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Student Stories

Student Stories

Blogs and vlogs from students of the University of Edinburgh

Mythbusting Theology…

View of the grand interior of Rainy Hall at New College
Reading Time: 2 minutes

…by Emily / from the UK / studying Theology / 2nd year

There are many misconceptions about studying religion at university – hopefully this blog gives a little insight into Theology to inspire you to take a leap of faith! (…so to speak).

1. You have to be religious to study religion

This is the most common misconception about this area of study. In the 4 years I’ve been studying here at New College, I’ve never met two people with the same background! Everyone comes from an enormous variety of faith and non-faith experiences which creates incredible class discussions and debates. The broad life experiences of everyone in your classes are some of the best components to your degree and it’s where your learning starts.

2. Only religious leaders study religion

Religious vocation isn’t necessary to find this subject fascinating or beneficial. Theology and religious studies degrees exist to expand what you think you know about the world. These degrees are perfect for people interested in people. Maybe you are a religious leader exploring your passion, or maybe you’re just exploring your passion to learn more about religion, politics, sociology and anthropology.

3. Religious studies is useless to today’s society

The longer I study this subject, the more convinced I am that it’s the best way to learn all humanities subjects within one degree. Maybe you’re undecided on which degree to study? Theology has you covered. We’re talking politics, history language, human rights, art, media, music, sociology, anthropology- the list is endless. Religious studies degrees are not a vaccuum, which means that these courses are colourful, harrowing and completely absorb you from day one.

4. Religious degrees are limited to one faith

I can’t speak for every university, but Edinburgh’s divinity faculty have an incredibly broad range of courses and module choices built upon their amazing team of staff and their own research and lived experiences. I’ve been able to study Buddhism, Hinduism, Islam, Judaism, Christianity, Jainism and indigenous religions because of this degree through a combination of reading, media, art, language, and research. It’s unbelievably fulfilling to know more about the people you interact with on a daily basis, and it makes for incredible conversations too!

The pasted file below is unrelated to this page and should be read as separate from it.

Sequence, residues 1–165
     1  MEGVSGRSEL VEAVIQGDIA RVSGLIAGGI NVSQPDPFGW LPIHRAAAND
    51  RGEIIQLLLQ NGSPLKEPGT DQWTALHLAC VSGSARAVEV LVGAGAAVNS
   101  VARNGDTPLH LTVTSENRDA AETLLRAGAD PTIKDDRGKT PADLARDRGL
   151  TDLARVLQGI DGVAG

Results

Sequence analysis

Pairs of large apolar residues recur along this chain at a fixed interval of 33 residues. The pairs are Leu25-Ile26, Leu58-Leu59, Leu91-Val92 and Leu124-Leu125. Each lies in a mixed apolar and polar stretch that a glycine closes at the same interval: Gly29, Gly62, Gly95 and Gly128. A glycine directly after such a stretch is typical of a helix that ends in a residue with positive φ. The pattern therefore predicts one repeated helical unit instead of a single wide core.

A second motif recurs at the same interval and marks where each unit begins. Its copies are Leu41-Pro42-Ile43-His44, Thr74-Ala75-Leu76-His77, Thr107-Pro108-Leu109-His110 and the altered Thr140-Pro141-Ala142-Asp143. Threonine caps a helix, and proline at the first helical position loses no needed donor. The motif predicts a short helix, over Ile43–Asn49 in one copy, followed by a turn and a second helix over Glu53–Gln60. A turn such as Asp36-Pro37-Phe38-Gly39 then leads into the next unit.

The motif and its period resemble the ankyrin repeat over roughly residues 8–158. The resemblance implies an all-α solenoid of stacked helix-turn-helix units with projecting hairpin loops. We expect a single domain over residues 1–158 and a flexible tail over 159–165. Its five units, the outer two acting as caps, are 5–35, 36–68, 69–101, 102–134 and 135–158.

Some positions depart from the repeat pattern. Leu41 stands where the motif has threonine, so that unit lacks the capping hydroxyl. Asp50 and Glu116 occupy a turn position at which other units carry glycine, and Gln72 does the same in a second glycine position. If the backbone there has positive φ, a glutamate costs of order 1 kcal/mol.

5. There are no job prospects for Theology graduates

The transferrable skills from this degree are vital to whatever career you choose to pursue after university. Whether that be a religious vocational position, teaching, law, or even retail. Whatever jobs you pursue after university will benefit from having your experience of time management, organisation, languages, politics, world history, people skills, communication, presentation skills. This subject is also amazing if (like me) you have no idea what career to pursue after uni. The skills you gain here are applicable to anything and will help you in both your personal and professional life.

So hopefully I’ve managed to clear up those misconceptions! But overall, studying theology is one of the best things you can do, even if it’s a couple of extra classes whilst you study a completely different degree. Choosing degree courses is difficult, but hopefully this blog leaves at least some people feeling more reassured that if you’re passionate to learn about religion and people then theology is an amazing path to take.

Want to find out more?

Chat with Emily

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